Originally Posted in LunchByCurt.com
Summer is upon us. Along with pool parties, fishing, softball and camping trips, we get to enjoy one of the best activities ever invented for a warm summer evening – firing up the grill.
Over the years I’ve tried gas and charcoal grills; each has advantages and disadvantages. We will not debate them here. If you are using a gas grill and love it, may the propane be with you. If you are a tried and true coal lover, more carbon to you.
Currently, I’m using a Weber Performer Deluxe, 22-inch Charcoal Grill because that is what my family bought for Fathers Day a few years ago. (Okay – full disclosure – It’s what I asked for because I really like charcoal grilling.) But it does exactly what I want it to do: It cooks food. What more do you really want in a grill?
My friend, Dave is a charcoal aficionado. He introduced me to the chimney method of starting the coals and I’ll never go back to lighter fluid. Although, pouring refined gasoline on the pile and burning the toxins does take me back to my youth. Our family would gather at the state park on Memorial Day each year and light up a bag of Kingsford Briquettes smothered in half a container of lighter fluid. Toss a lit match on the charcoal from a safe distance and you started the holidays with a bang…literally. Good times.
Once the cooking starts, the smoke risking from the coals, combined with the cooking fat of the meat, combine to waft through the entire neighborhood with a rich, wonderful aroma that clearly announces that supper is ready.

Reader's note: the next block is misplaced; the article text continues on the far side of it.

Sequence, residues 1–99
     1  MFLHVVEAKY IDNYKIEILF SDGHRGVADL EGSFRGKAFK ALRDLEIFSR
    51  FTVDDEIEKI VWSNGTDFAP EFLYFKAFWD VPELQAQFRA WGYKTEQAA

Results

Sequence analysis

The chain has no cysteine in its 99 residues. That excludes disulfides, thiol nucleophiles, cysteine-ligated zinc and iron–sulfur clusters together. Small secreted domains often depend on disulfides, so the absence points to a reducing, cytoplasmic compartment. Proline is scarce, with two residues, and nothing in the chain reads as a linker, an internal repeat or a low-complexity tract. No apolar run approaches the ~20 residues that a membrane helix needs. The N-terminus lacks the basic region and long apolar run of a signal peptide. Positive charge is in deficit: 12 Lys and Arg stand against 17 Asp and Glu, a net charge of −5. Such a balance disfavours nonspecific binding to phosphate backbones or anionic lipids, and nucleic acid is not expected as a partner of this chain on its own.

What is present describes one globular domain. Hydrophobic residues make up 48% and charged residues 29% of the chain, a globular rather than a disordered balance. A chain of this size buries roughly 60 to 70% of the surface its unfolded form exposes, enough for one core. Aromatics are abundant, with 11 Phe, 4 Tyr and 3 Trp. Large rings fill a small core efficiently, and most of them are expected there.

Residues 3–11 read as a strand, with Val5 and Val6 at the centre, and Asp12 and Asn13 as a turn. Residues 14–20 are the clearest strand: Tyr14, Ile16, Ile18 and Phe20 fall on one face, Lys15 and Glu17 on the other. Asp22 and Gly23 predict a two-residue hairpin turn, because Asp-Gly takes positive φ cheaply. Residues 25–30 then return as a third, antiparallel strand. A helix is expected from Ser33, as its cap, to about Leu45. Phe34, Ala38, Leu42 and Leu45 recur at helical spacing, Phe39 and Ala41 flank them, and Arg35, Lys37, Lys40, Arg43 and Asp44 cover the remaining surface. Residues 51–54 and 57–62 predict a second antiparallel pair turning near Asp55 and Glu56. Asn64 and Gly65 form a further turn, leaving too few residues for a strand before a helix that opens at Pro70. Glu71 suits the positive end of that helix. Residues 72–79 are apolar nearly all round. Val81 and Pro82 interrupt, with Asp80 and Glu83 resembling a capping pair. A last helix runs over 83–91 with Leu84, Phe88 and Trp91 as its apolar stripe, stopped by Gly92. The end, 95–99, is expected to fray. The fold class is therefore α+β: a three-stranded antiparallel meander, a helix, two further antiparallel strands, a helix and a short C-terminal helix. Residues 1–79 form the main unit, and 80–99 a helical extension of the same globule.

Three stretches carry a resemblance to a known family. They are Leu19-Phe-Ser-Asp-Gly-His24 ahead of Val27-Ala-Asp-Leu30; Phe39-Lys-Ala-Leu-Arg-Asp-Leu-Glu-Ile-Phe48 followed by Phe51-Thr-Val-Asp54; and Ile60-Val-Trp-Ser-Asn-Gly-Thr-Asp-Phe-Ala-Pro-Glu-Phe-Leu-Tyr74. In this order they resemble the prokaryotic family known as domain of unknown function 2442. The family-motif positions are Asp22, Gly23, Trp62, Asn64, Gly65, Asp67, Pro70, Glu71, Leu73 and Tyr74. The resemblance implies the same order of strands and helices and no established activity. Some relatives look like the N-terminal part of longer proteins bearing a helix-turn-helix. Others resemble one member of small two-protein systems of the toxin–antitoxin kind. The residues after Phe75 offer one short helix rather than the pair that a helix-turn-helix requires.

For Americans, traditional grilling often involves Bar-B-Q’d pork, steak, pork chops, chicken wings, hot dogs, brats and hamburgers. And as Americans, we often try to eat one (or more, or all) of each during any given holiday event. Over the years, I’ve tried refining and expand my cooking menu to include things like Salmon on a cedar plank, garlic corn, sliced pineapple, endive, roasted peppers, Kebabs, and even whole, roasted chickens.
One of the things I enjoy most about the grill is the combination of high heat and slow cooking. To obtain the perfect grilled “char”, one simply has to place the food over the hottest part of the coals. The intense heat sears the meat, chars the skin, even leaving those traditional grill marks if done right. However, once seared, the food can be moved off the direct fire and allowed to slow cook, resulting in melt-in-your-mouth chops, chicken thighs that are moist and tender, steak that makes your mouth water just looking at it, or hot dogs that are, well, hot dogs.
In my grilling heyday, I often spent an entire Sunday afternoon at the Weber cooking enough food for the entire week. Fish, beef, chicken, short-ribs, asparagus…I have even been known to give Tofu a try from time to time, but at much duress.
If you haven’t found your grilling bliss, I would suggest that you give it a try this year. You don’t need a $1000 grill to enjoy cooking out. Some kettle grills can be purchased for as little as $22. Light up your briquettes and start practicing this summer. I promise, you’ll be glad you did.
Be Brave & Eat Well